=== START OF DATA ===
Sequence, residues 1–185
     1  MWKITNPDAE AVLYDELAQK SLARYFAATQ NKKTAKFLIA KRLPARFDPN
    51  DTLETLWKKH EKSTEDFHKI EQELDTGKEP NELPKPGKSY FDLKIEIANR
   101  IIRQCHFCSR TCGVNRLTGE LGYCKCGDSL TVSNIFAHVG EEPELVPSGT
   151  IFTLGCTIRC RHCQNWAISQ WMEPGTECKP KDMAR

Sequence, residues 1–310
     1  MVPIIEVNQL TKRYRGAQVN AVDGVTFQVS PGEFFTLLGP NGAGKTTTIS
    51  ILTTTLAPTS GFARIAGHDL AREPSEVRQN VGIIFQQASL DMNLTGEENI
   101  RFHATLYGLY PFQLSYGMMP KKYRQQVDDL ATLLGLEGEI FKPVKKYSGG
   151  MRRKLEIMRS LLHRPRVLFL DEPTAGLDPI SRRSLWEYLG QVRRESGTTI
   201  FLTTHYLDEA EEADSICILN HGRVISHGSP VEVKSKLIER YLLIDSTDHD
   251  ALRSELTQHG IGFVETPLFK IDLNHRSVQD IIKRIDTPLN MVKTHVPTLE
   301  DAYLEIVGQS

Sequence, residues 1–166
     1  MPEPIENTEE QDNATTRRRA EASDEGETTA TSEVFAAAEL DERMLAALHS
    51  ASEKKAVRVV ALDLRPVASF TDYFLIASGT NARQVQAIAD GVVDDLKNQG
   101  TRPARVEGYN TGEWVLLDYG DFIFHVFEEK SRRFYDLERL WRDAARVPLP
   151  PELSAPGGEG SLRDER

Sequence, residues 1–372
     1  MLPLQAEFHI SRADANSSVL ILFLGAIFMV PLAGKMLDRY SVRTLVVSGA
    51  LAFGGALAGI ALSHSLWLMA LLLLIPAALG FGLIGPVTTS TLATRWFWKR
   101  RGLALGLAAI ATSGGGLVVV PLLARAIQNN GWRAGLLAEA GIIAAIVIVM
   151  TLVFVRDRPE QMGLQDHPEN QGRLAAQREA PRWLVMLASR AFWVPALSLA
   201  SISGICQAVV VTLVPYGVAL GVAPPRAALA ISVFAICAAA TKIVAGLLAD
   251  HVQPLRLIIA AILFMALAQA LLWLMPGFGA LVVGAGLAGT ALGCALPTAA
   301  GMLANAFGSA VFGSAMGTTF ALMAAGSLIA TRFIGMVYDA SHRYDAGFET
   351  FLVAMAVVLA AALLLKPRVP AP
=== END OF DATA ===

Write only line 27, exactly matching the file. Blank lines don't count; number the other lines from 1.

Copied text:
   351  FLVAMAVVLA AALLLKPRVP AP